Daniel Snyder, the owner of the Washington Football Team, has accused a disgruntled former team employee of taking money and assisting in a campaign to spread damaging information against him, his latest effort to fight back attacks on his ownership of the N.F.L. club.
In a filing on Monday in Federal District Court in Alexandria, Va., Snyder asked for access to documents that the former employee, Mary-Ellen Blair, who was an executive assistant in the front office, has, including confidential team records, that might bolster his defamation case against an Indian media company that he contends published defamatory rumors about him.
“We are aggressively pursuing Mary-Ellen Blair, a disgruntled former employee who is clearly in the pocket of another and complicit in this scheme to defame Mr. Snyder, in order to ensure that the full weight of the law comes down heavily on all those responsible for these heinous acts,” one of Snyder’s lawyers, Joe Tacopina, said in a statement.
The filing, known as a request for discovery, was made three days after Snyder filed a defamation lawsuit in New Delhi against Media Entertainment Arts WorldWide, whose parent company is in India. Media Entertainment Arts WorldWide published articles on its website in July that Snyder considered slanderous and that have since been taken down. Snyder accused the company of accepting money to publish the articles. He wants to identify who paid for them.
Nirnay Chowdhary, a founder of M.E.A. WorldWide, admitted errors were made in the publication of the articles, but he denied that his company accepted money in exchange for their publication.
The case comes amid a growing battle between Snyder and three of his largest minority shareholders, who have been seeking to sell their stakes, which amount to roughly 40 percent of the team. The minority shareholders, including Frederick W. Smith, the chairman of FedEx, hired an investment banker to broker a sale. Snyder has shown no interest in selling his majority stake in the team, which he has owned since 1999.
While Snyder pursues the source of the articles, he has also hired an investigator to look into accusations, detailed in a Washington Post report, of widespread sexual harassment in the team’s front office, which he has not denied. In July, he agreed to drop the team’s name and logo after many years of protests by Native American groups and others who considered it racist. Snyder was pressured by several sponsors, most notably FedEx, which threatened to sever its multimillion-dollar stadium naming rights deal if the team name was not changed.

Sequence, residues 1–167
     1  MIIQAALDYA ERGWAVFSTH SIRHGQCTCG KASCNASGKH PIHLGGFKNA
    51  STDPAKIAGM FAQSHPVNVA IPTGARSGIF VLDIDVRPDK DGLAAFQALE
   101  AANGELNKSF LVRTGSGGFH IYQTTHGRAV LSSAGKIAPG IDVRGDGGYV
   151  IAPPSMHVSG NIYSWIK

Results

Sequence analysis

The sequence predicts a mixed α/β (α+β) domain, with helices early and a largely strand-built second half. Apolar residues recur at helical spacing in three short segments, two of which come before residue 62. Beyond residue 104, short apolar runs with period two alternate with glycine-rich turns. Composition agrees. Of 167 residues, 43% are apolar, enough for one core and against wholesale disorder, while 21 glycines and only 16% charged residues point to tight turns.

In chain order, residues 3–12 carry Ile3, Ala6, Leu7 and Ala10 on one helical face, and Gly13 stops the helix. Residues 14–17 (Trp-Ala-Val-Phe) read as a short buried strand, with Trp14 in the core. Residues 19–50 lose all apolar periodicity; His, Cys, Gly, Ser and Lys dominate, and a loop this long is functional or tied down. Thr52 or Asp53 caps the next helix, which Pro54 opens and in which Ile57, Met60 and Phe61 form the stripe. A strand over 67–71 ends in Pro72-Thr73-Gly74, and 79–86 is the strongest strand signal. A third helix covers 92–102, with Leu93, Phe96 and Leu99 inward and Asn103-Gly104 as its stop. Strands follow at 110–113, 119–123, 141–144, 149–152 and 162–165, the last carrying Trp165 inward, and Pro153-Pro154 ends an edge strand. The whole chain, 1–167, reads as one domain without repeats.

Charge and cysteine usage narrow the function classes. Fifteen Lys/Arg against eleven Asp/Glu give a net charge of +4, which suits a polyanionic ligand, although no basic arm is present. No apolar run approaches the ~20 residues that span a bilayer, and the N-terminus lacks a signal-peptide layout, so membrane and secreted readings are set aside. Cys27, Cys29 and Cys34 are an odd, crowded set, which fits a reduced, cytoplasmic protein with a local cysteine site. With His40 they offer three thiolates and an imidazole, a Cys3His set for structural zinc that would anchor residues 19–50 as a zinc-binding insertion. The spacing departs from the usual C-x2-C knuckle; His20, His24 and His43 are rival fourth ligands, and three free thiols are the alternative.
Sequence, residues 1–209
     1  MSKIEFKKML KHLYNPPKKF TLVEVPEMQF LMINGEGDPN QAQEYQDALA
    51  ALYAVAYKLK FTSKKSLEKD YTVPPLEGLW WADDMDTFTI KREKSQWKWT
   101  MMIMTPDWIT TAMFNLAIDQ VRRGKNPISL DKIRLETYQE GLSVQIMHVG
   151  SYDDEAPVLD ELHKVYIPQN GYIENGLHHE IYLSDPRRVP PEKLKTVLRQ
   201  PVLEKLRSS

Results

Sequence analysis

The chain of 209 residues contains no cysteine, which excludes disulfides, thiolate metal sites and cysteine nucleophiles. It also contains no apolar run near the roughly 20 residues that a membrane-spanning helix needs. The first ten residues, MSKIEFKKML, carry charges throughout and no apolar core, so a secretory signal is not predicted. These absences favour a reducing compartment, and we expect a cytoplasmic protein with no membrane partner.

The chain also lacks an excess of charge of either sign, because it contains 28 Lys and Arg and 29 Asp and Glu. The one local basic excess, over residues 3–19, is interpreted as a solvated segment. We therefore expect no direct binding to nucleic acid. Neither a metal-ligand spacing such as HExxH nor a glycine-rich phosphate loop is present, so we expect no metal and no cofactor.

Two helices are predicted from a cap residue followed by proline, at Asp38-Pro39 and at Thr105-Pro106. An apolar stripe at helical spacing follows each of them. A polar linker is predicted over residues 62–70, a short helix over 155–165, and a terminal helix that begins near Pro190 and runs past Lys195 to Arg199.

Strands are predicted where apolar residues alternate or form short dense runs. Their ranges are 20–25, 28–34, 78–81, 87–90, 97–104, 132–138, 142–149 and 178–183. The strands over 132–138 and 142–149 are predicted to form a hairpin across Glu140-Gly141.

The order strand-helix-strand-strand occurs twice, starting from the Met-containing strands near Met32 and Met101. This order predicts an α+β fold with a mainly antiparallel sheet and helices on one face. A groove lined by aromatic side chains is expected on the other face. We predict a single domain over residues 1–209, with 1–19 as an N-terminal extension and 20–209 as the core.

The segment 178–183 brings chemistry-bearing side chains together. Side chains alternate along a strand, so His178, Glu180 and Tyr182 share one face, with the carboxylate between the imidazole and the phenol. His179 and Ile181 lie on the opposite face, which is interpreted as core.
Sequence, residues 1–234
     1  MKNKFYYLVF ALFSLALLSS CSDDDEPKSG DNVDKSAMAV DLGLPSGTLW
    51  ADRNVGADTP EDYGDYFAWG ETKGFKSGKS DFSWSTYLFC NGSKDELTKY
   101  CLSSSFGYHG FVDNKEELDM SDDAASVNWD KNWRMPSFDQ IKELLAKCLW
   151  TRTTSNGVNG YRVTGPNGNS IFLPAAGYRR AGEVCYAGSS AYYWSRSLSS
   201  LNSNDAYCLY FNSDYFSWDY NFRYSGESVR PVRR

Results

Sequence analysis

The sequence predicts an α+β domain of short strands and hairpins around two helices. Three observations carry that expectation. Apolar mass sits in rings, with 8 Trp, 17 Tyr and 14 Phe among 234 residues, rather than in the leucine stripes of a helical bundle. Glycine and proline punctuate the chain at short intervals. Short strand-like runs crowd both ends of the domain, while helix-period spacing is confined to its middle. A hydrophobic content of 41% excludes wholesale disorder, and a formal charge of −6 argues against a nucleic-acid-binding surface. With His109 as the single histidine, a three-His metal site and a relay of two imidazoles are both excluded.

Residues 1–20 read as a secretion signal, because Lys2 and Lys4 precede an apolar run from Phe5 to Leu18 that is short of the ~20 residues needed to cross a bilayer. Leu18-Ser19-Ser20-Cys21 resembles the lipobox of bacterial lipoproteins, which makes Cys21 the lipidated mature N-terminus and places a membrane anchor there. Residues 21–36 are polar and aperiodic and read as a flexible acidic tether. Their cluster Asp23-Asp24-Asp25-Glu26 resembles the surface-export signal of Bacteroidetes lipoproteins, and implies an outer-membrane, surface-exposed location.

According to the filing on Monday, Blair, starting in late May or early June, started reaching out to current and former team employees seeking information that would discredit the team owner. In July, she called someone that the filing describes as a team employee who works daily with Snyder and said the person could “probably make a lot of money” by providing damaging information about Snyder, the filing said.
Reached briefly by phone on Monday, Blair said she was unaware of the filing. “That’s funny,” she said when told of some of the details included in it. She didn’t respond to further request for comment.
In an emailed statement, Lisa J. Banks, Blair’s lawyer, said that Snyder’s naming of her in the filing is “an obvious and inappropriate attempt to silence Ms. Blair and others who may wish to communicate with legitimate news organizations about the culture of sexism, harassment and abuse that has existed at the highest levels of the Washington Football Team.”
The filing also said Blair told a personal employee of Snyder’s and two other team employees that “she was in contact with and working in coordination with a third party” and that she and that third party were involved in preparing articles that were going to be damaging to Snyder. The third party, she told them, was not a journalist, but was “well known to each of the involved persons.”
According to the filing, Blair also told a team employee who has frequent contact with Snyder that she had been told by someone not employed by The Washington Post, but well known to this employee, that an article would be published in the newspaper in approximately a week that would not be “good for Dan.” This was weeks before rumors about the subject of the article began circulating on social media.
According to the filing, Blair also told a “longtime personal employee” of Snyder’s before the social media whispering about the publication of damaging stories that “something big was going to happen.” Blair also told this employee that “several of the team’s minority owners did not want to do business” with Snyder any longer.
In the filing, Snyder said Blair left the team on bad terms and “has since admitted to having absconded with confidential information” belonging to the team. The filing also describes what it says are Blair’s financial difficulties and says that while she worked for the team, her wages were garnished.
Snyder contended that she has an unidentified “financial benefactor” who has provided discounted rent in luxury apartment buildings in Virginia that are connected to a minority shareholder who is seeking to sell his stake.
Tracy Schar, the daughter of Dwight Schar, one of the team’s minority shareholders seeking to sell, is on the board of directors of Comstock, the real estate development company that owns the building where Blair lives, and also serves as senior vice president for marketing at Comstock Holding Companies. Two other members of Comstock’s board worked for Red Zone Capital, which is co-owned by Dwight Schar and Snyder, according to a 2018 government filing.
Snyder, in the filing, requested the right to have access to documents from Blair and Comstock to gather more material to bolster his defamation suit in India against Media Entertainment Arts WorldWide.